by John Lanagan
My Word Like Fire
In his book, A New Kind of Christianity, Emergent leader Brian McLaren attacks Biblical understanding, and tries to revise both God and the Bible. In his chapter on reinterpreting God’s Word, he notes, “Even for those of us on this quest, breaking out of centuries-old habits won’t be easy…”
In the same paragraph, McLaren makes an interesting statement. “No wonder those of us who want and need to change our approach may need to form twelve-step groups to deprogram our thinking.” (Bold Mine)
Wait a minute. 12 Steps groups to help people reject the Bible as the literal Word of God?
Is this shocking? Hardly. McLaren knows this has already happened–and is continuing to happen–through both Christian and cultural acceptance of 12 Step spirituality. Unlike numerous Bible-believing pastors who allow 12 Step groups to meet in their churches, the Emergent leaders are clearly aware of what AA and other 12 Step groups have brought about.
McLaren wrote the foreword to A Heretic’s Guide To Eternity. In this book, Emergent authors Spencer Burke and Barry Taylor write, “As Phyllis Tickle [another Emergent leader] has noted, the development of Alcoholics Anonymous (AA) probably did as much as other, more celebrated events to undermine our concept of religion. Emerging in the late 1930s, AA made it acceptable to talk about a generic God–a ‘higher power.’” (Bold mine)
Burke and Taylor further note what has resulted from this: “Consequently, a generation of people began speaking about God in new ways not previously sanctioned by the consensual illusion–and traditional religious perspectives began to change as a result.” (Bold mine)
Due to acceptance of the chameleon nature of AA’s “higher power,” our culture has been put at ease with custom-made gods and even with blended belief systems. Undeniably, Biblical Christianity has been greatly weakened.
This has always been the objective of the spiritual forces that created AA. (Ephesians 6:12)
Yes, but what about the people helped by Alcoholics Anonymous? We should be grateful for the estimated five percent of alcoholics who do gain sobriety through AA. Yet, in terms of alcoholism, this success is in public relations and publicity rather than treatment effectiveness. Herein lies a real tragedy, because most believe only AA can help. Many who have quit drinking in another manner have been called “dry drunks” (not really sober) by AA members. This can be extremely hurtful.
AA’s teachings can also be terrifying. There are Christians in AA who fear to leave because they believe they will relapse unless AA and the 12 Steps are involved. And so, out of fear, they disobey Scripture, or rationalize reasons for remaining. (2 Corinthians 6:14-17, Galatians 1: 6-9, Amos 3:3) For others, AA has become an idol. For these people, it is more important to defend AA than to acknowledge what the Scriptures command.
In his book, The Sober Alcoholic, Irving Peter Gellman observes, “A member who suggests that AA is not as effective as maintained, and who implies that some improvement might be made, will be censured when broaching these ideas. The AA program is deemed infallible, whereas other methods are deemed less than perfect.” (Bold mine.)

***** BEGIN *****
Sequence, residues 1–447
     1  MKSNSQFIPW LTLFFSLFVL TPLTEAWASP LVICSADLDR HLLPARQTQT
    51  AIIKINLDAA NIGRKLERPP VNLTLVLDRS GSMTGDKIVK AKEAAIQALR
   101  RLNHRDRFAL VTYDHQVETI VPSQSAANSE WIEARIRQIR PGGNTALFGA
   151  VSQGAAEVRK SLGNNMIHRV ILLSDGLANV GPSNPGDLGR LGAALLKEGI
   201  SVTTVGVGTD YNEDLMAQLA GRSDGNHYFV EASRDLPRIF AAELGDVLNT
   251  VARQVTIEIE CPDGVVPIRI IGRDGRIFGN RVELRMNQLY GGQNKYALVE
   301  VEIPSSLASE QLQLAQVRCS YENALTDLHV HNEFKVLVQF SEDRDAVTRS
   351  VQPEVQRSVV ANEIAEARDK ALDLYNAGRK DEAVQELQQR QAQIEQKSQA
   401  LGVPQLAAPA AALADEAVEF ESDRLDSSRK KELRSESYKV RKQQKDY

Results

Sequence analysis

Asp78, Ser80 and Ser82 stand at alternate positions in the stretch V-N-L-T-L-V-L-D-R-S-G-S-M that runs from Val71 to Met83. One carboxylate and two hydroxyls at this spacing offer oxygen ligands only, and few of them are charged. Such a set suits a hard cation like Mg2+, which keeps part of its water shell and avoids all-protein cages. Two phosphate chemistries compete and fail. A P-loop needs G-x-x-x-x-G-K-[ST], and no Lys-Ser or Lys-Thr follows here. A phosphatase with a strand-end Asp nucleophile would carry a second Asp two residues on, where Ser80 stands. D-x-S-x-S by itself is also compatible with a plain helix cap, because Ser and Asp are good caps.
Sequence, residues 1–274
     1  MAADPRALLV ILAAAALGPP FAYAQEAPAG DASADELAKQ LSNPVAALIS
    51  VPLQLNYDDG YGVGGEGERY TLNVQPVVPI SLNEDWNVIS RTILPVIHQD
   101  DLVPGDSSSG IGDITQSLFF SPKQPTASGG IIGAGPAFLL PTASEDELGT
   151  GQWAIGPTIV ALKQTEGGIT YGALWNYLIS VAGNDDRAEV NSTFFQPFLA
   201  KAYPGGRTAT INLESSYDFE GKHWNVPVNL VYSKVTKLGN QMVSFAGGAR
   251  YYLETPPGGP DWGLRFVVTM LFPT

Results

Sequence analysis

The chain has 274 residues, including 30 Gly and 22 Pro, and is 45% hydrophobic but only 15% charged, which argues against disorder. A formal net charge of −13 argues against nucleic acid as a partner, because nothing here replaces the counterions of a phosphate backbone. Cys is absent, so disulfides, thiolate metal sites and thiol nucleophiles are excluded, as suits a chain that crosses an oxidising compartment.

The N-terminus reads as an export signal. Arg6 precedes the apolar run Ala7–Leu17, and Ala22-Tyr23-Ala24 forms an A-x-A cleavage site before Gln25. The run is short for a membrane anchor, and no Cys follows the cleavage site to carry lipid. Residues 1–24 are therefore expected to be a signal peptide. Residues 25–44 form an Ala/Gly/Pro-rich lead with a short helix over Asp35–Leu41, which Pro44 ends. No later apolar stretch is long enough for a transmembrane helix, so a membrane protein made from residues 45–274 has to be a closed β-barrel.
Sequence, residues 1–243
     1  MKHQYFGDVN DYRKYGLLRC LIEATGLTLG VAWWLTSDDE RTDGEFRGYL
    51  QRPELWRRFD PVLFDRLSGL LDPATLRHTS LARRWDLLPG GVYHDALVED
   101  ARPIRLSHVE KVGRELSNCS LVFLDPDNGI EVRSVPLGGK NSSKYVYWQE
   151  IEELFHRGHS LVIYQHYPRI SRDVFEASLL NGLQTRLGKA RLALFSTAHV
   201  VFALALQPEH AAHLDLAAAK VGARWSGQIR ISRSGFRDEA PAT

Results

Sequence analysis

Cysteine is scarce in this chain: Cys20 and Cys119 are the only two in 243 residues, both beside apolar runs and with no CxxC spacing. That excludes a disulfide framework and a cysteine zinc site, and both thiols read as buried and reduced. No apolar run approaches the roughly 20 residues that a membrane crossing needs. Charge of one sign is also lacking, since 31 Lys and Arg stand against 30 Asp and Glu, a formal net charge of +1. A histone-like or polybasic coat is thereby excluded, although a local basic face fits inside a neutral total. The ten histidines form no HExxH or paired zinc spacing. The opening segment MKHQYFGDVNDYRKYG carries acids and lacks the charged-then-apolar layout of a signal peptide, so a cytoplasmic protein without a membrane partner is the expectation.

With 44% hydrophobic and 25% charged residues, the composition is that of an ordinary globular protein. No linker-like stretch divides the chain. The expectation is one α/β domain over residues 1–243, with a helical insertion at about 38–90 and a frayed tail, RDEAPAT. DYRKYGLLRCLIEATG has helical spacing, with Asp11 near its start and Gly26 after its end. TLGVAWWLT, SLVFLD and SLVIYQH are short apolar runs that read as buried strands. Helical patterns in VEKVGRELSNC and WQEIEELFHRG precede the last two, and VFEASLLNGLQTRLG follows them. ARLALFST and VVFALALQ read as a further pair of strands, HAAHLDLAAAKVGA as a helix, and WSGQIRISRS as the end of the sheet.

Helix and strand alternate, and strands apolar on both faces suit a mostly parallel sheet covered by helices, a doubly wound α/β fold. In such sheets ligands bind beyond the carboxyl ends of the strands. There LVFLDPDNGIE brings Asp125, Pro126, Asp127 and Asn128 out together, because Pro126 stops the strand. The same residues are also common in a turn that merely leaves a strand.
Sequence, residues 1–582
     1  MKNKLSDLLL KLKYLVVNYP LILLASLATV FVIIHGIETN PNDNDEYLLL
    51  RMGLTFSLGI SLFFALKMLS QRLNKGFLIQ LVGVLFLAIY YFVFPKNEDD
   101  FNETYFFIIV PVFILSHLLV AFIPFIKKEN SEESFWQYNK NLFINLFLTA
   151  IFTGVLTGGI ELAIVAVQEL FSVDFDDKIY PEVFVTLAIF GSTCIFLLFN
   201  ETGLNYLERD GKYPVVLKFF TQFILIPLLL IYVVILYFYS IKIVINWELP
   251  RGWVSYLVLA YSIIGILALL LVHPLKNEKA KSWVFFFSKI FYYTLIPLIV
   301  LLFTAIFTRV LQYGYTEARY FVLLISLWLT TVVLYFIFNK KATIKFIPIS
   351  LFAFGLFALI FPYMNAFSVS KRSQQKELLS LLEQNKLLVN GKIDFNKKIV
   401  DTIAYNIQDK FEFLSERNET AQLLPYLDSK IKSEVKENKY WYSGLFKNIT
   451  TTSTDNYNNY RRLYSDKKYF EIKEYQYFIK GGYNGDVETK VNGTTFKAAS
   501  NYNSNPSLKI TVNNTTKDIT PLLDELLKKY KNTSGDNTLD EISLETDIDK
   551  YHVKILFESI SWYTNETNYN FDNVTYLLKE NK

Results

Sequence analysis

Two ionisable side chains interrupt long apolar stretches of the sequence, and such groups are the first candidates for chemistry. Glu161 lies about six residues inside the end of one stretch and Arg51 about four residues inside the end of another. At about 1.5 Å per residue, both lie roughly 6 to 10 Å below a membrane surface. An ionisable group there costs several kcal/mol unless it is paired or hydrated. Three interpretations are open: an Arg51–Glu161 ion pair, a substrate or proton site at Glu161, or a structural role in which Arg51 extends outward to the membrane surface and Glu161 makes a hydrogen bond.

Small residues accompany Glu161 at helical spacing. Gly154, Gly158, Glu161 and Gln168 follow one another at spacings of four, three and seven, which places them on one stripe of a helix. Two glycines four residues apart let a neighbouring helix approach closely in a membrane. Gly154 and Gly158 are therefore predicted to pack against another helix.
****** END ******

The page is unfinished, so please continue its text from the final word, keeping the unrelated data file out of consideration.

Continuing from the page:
Like many in the Emergent and Contemplative movements, many–perhaps most– in AA who call Christ their “higher power” do not worship the Biblical Christ at all. This is not intended to offend those in 12 Step spirituality who do worship the God of the Bible, but true Christians desperately need to understand this. The 12 Steps are not our friend. Truly, Emergent, Contemplative and 12 Step spirituality are blending. Homospirituality grows daily as a religious force, and may ultimately merge with the other three systems.
As others have pointed out, wherever one finds the Emergent movement, there will also be found Contemplative Spirituality. Perhaps this will also be said of 12 Step spirituality in the near future. AA’s eleventh step states: “Sought through prayer and meditation to improve our conscious contact with God as we understood Him, praying only for knowledge of His will and the power to carry that out.”
Considering that AA’s Step Three allows the addict to make up, customize, or borrow any “god” that holds appeal, the act of opening oneself further through Step Eleven meditation can have very real spiritual consequences.
The contemplative roots of AA can be traced back to Frank Buchman and the Oxford Group. Today these roots are being watered by many meditative and contemplative advocates.
Brian McLaren calls himself a “contemplative/reflexive.” While we must continue to expose the apostasy of Emergents such as McLaren, Spencer Burke, and Phyllis Tickle, it is time we listen to their unintended warning about the 12 Steps of Alcoholics Anonymous.
1. Brian McLaren, A New Kind of Christianity, pg.85-86
2. Ibid., pg. 86
3. Spencer Burke and Barry Taylor, A Heretics Guide To Eternity, pg. 34-35, foreword by Brian McClaren.
5. Seances, Spirits, and 12 Steps: http://mywordlikefire.wordpress.com/2008/09/24/seances-spirits-and-12-steps/
6. Irving Peter Gellman, The Sober Alcoholic
7. Alcoholics Anonymous and Contemplative Spirituality: http://www.lighthousetrailsresearch.com/blog/?p=1196
8. 12 Step Outreach: http://cp12stepoutreach.org/ 11th Step Meditation Newsletter http://www.11thstepmeditation.org/11th_step_meetings/overview.htm
9. Brian McLaren, A New Kind of Christianity, pg.226.